Culture or cultural heritage has no clear definition. Culture is part of our upbringing, what we inherit from ancestors, traditions and customs. At the same time, culture is constantly evolving and getting shaped by contemporary events.
We can grasp it better through the way culture expresses itself: through monuments, religious buildings, architecture, cultural institutions (museums, archives, libraries), literature, artistry, contemporary art, craftsmanship or archaeological sites. Some intangible outcomes of culture are language, music, dance, theatre, religion, and so forth.
Culture is said to be the soul of a nation, or the source of life and inspiration.
According to UNESCO, _ cultural heritage reflects the life of the community, its history and_ identity. Its preservation helps to rebuild broken communities, re-establish national identity and pride, and link their past with their present and future.
Afghanistan is a nation rich in the arts from prehistory to present days, vibrant in its cultural mix, and full of ancient sites revealing knowledge that helps to connect the dots from the past to the present. The culture and history of the Afghan people are like a vehicle for today’s Afghans and the future generations to understand the process of their own development. Such understanding can build a bridge between the West and Afghanistan.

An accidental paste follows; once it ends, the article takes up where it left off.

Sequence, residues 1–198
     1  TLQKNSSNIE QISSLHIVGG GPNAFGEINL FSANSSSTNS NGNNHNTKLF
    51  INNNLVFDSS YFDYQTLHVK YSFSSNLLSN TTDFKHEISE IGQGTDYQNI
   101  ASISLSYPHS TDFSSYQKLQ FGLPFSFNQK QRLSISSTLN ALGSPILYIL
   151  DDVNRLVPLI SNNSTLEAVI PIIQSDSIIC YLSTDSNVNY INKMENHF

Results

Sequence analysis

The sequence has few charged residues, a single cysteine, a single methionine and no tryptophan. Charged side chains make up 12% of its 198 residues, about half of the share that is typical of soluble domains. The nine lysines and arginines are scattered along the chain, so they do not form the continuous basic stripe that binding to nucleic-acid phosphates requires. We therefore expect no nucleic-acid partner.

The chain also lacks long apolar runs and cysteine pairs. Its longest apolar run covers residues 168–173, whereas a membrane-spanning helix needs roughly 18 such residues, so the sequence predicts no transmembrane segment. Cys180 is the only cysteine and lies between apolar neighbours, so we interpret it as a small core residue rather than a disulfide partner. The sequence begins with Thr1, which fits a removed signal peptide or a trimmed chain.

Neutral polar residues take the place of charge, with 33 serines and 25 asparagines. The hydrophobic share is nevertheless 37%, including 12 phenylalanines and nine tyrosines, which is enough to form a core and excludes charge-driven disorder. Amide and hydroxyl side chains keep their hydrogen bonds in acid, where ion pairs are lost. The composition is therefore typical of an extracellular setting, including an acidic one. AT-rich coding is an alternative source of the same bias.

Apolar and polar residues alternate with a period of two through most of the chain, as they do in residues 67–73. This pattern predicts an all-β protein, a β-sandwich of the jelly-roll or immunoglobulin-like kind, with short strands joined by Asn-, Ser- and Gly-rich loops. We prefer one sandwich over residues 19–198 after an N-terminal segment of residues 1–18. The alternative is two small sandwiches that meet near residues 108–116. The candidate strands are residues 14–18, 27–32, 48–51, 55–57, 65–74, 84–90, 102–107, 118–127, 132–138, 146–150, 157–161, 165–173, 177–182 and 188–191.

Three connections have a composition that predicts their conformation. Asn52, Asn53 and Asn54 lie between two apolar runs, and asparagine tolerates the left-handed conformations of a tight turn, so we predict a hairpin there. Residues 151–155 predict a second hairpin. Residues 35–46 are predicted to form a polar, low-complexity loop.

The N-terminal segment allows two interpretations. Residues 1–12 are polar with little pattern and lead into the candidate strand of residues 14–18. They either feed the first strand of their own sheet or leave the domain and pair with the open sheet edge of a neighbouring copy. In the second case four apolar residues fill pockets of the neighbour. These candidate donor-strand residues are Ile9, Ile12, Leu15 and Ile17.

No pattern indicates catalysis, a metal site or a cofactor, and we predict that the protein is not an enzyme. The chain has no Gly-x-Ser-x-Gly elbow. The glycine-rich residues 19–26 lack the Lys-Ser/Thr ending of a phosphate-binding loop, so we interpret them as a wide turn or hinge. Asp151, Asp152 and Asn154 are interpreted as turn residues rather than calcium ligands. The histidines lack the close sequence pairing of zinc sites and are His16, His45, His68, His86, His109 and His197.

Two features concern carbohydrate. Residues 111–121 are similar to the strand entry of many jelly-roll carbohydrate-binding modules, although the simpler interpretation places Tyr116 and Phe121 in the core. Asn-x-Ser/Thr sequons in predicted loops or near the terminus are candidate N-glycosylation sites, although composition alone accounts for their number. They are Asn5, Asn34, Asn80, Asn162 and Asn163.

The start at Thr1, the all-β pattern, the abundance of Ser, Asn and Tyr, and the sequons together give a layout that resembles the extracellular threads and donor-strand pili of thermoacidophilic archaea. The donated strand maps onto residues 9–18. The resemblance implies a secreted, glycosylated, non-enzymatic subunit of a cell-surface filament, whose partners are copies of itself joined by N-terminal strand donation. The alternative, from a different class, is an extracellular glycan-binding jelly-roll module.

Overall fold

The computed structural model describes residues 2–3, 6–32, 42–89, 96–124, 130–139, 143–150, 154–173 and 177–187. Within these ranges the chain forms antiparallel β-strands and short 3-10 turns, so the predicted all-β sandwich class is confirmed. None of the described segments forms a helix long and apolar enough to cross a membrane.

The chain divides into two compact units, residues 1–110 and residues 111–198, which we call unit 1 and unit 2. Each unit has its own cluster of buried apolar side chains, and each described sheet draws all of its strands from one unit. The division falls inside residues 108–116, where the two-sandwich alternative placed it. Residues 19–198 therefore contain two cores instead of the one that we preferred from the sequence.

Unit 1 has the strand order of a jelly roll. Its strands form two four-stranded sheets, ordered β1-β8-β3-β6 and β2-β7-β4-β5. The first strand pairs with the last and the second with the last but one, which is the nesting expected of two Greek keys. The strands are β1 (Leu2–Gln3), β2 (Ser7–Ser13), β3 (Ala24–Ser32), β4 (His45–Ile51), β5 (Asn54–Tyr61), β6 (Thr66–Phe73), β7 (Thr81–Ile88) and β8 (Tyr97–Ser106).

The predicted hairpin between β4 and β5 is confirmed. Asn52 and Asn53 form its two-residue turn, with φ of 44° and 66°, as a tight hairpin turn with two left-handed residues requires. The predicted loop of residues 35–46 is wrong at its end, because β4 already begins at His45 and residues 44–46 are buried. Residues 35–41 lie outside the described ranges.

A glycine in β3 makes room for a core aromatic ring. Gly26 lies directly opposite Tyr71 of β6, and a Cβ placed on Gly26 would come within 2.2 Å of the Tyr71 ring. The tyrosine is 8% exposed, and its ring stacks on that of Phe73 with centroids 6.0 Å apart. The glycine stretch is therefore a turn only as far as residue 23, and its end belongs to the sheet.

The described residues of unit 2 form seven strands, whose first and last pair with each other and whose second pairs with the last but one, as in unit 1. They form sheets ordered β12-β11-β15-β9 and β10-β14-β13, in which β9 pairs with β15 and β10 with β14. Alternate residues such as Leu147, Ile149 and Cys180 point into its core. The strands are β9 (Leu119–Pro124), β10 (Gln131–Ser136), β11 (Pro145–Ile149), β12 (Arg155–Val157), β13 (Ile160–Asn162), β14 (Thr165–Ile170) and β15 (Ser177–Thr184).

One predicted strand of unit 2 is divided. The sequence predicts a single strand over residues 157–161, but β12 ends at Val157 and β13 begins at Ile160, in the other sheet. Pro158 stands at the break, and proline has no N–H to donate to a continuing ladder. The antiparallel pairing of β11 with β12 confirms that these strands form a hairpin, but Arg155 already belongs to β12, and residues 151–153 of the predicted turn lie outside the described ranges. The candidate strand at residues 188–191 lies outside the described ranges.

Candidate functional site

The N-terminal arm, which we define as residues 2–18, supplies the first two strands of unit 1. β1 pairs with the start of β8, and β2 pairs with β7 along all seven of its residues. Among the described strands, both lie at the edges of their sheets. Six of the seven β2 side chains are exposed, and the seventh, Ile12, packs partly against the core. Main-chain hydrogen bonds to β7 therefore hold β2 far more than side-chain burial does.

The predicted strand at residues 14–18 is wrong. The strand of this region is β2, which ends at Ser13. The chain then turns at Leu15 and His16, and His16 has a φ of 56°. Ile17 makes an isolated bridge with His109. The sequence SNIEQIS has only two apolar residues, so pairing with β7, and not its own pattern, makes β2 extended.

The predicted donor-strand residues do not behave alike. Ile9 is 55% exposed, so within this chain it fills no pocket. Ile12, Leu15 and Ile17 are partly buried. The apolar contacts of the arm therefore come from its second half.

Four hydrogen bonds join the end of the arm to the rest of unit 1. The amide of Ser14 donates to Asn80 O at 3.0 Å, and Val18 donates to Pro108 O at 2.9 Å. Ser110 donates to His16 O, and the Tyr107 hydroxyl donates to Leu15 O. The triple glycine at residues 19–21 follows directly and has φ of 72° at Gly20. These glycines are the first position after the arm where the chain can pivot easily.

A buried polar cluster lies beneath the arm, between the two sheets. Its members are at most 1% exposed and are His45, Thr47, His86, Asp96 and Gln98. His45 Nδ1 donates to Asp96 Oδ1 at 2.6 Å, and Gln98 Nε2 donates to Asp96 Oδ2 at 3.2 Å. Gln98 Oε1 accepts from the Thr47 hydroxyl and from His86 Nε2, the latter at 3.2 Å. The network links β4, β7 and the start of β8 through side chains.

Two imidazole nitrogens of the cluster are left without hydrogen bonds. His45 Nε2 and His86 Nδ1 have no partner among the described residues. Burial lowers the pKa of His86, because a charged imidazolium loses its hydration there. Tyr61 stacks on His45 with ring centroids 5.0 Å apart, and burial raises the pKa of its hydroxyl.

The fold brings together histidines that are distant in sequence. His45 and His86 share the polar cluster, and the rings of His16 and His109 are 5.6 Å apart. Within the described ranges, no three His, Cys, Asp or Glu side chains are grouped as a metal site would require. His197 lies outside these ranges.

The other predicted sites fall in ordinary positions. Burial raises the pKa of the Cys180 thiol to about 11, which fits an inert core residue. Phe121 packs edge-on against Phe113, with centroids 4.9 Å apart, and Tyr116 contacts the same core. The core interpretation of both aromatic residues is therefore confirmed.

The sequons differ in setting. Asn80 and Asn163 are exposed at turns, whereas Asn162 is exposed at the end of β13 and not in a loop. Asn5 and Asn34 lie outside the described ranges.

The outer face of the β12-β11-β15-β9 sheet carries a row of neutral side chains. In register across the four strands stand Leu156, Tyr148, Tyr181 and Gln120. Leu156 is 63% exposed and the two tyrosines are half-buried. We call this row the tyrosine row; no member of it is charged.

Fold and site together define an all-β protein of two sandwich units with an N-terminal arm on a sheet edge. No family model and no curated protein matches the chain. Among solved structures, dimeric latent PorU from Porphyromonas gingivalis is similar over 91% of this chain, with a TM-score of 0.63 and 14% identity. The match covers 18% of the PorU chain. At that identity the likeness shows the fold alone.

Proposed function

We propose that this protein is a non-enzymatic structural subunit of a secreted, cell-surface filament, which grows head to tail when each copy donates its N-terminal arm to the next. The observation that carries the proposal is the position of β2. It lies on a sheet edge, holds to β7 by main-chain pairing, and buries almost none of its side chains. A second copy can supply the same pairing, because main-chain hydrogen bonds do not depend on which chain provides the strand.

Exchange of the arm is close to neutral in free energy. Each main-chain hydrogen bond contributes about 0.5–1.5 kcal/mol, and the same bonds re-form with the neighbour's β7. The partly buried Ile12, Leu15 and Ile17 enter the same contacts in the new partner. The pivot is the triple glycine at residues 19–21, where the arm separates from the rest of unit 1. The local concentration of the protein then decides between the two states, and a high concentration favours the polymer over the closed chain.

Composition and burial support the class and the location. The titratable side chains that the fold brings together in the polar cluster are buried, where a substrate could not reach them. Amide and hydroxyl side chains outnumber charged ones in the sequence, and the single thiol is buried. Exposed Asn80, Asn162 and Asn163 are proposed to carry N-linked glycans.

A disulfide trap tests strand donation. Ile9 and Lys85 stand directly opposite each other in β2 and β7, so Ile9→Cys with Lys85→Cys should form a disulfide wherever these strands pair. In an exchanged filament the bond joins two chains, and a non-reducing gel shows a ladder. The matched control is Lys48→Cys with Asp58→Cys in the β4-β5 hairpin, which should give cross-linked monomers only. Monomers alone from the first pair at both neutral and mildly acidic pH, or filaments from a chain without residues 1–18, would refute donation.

And when culture gets intentionally destroyed and “taken away”, precisely in order to take away a peoples’ identity, their soul, and their source of inspiration thus replacing them by a new, radical and foreign belief system – doesn’t this illustrate how important a peoples’ heritage is? Why else did the Taliban decide to ban music, film, dance and singing as well as destroy over 2,500 works of art and demolish the Bamiyan Buddha statues?
Today, in the aftermath of30 years of ongoing conflict, Afghanistan is not an easy place to take care of cultural heritage. Yet APAA believes, whether it is Afghanistan’s cultural heritage or any other nation’s heritage, these are all key assets to our global society and economy, and essential to our collective identity and quality of life.
Afghan musician returns to keep a tradition alive
by Claudia Brose
January 30, 2011
In an article in the LA Times (http://www.latimes.com/news/nationworld/world/la-fg-afghanistan-music-20110130,0,916485.story) the story of Asif Mahmoud, a musician honoring traditional Afghan music, gives hope that intangible Afghan culture has not been given up on. Mahmoud is a master tabla player. Tabla derives from the Arabic word, tabl, and means “drum”. The LA Times quotes him: “When I play tabla, I open my heart to listeners. Music is the language that speaks for the heart, for the soul”. After having fled his country and living for 18 years in London as an accomplished tabla performer he is proud and happy to be back in Kabul – even though he left his family in Britain. Bringing the music back to Afghanistan and training a new generation fulfills his life.